Friday, November 27, 2015

CCIE SPv4 Lab: Running it on my laptop (w/only 16GB of RAM)

BIG shot out to VMWare ESXi, because that finally did the trick. Currently, I'm visiting family for the holidays but I still want to be able to study when I can. I know that's super nerdy, but if you're reading this... you're not much better than me. So stop judging. I've recently purchased a server off eBay (nice Dell R610 with 32GB of DDR3 for ~300 bucks), but it's not yet arrived so I've been trying to get something workable in place for the interim. At home my workstation has 32GB of RAM, and is fairly capable of running these SP labs. However, I'm getting both off point and a little ahead of myself. Let me first tell you about my lab topology, from INE's SPv4 material.

 - (10) CSR1000v. The CSR1kv has certainly come a long way in terms of requirements, but it's still a hefty beast. You can technically get by on (1) vCPU and 2.5GB of RAM, but I like to run mine with 3GB of RAM. So right off the bat, I'm at a potential 30GB of RAM needed.

- (4) IOS-XRv. IOS-XRv runs perfectly well with only 2GB of RAM, so we're up to a potential 38GB of RAM needed.

So, obviously these VMs will rarely (if ever) use that much memory. That doesn't matter with VIRL though, because it will still prevent you from firing up that environment without 38GB of available memory. First attempt at resolving this, lie to VIRL. I went into my VMWare Workstation settings and told it "Allow most virtual machine memory t be swapped"

However, for this to really work I'd need to limit overall memory usage of all my VMs to ~8-10GB and swap the rest. Workstation doesn't like that, anything over 3/4 being swapped and Workstation will not let you boot the VM. Which wouldn't be a huge issue, except for the added overhead of VIRL itself, requiring anywhere from 2.5 - 5GB of RAM to run. Also keep in mind, I know that swapping that much will just murder performance, but I'm not after performance. I'm after boot 14 routers that move JUST fast enough that I can lab with them until I get home. So I hit a wall there. I tried my GNS3 Server approach (as covered in earlier posts)... but GNS3 can have odd issues with environments that get powered off and on several times. I even ran into issues with shutting down the server with GNS3 still open... then the server would just be perpetually hosed upon next boot. This just felt like WAY too much effort lol.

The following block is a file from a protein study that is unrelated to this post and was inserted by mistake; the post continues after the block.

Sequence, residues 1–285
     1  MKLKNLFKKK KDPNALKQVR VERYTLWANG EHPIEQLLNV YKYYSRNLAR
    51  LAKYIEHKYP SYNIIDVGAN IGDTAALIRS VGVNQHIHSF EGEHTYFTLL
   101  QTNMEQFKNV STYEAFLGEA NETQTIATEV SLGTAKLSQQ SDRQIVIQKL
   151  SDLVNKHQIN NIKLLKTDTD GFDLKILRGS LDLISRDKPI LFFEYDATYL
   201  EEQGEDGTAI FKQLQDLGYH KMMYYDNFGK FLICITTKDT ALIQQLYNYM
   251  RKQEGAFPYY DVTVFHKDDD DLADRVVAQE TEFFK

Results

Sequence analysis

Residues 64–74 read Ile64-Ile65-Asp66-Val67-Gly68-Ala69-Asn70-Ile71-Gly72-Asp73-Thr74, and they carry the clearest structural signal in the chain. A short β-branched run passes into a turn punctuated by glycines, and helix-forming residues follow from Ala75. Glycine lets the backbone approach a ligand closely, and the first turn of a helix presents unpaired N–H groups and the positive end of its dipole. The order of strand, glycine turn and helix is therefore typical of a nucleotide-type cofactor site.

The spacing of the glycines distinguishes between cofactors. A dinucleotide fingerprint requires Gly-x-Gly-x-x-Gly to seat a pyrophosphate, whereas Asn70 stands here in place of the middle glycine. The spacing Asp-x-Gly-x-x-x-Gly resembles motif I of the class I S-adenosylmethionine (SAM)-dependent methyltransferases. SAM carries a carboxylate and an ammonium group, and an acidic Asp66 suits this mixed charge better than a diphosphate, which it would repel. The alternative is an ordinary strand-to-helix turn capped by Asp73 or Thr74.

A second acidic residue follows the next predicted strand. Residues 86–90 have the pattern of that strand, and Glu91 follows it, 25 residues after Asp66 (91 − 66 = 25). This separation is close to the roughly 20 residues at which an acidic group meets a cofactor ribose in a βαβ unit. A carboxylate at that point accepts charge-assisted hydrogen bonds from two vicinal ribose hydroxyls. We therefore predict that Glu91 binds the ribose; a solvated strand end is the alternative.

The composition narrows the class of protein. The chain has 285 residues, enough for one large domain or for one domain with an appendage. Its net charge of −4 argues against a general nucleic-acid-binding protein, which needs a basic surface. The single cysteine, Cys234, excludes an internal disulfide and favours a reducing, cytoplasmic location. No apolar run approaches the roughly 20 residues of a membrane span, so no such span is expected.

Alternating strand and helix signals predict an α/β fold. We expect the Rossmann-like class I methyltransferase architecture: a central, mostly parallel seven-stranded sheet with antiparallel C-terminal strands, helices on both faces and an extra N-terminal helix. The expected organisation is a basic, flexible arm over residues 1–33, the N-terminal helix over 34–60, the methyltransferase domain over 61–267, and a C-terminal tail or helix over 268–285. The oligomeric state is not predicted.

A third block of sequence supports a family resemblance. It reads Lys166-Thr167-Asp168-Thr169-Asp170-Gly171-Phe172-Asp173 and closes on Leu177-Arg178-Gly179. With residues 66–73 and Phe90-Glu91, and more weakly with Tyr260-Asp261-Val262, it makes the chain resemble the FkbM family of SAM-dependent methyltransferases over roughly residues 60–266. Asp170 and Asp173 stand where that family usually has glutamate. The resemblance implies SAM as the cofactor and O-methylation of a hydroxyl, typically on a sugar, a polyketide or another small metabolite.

"Okay, we get it. How did you actually get it working?!"

I had this half baked idea, that I honestly felt wouldn't work. "What if I nest ESXi inside workstation? Give my ESXi VM a small amount of memory, then just try to boot everything?" I know ESXi is way better about swap when it runs out of RAM (hence why I bought  server explicitly for my SP lab), but I didn't think this would work well enough to actually use. I was wrong. I gave ESXi 8GB of RAM, loaded up (10) CSR1KVs and (4) IOS-XRvs and booted everything up. My laptop's CPU spiked really hard, and remained at ~89% for 5-10 minutes. After that though, it seemed to settle down well enough, and... everything booted. More than that, I copied base configs in for all devices and everything was talking!! Response times between devices is fairly high, but no more than dynamips routers really (averaging 30-60msec). That's totally ok though, and the console response is almost perfect after everything is booted. Nearly no lag... enter screen shots!!!

As you can see, all nodes booted and ESXi is just amazing at memory management apparently. On my host side, here's what task manager looks like:

I mean, it's definitely loaded (and when my work VM is running too, mem is at 96% utilized), but my laptop isn't melting!! As a follow up to this post, I might record a video showing off my VMWare config, the full on home lab I'm planning on using vSphere so I can have easier packet captures with a jump host. That's all for now though! Thanks for reading, and comment if you have questions or suggestions.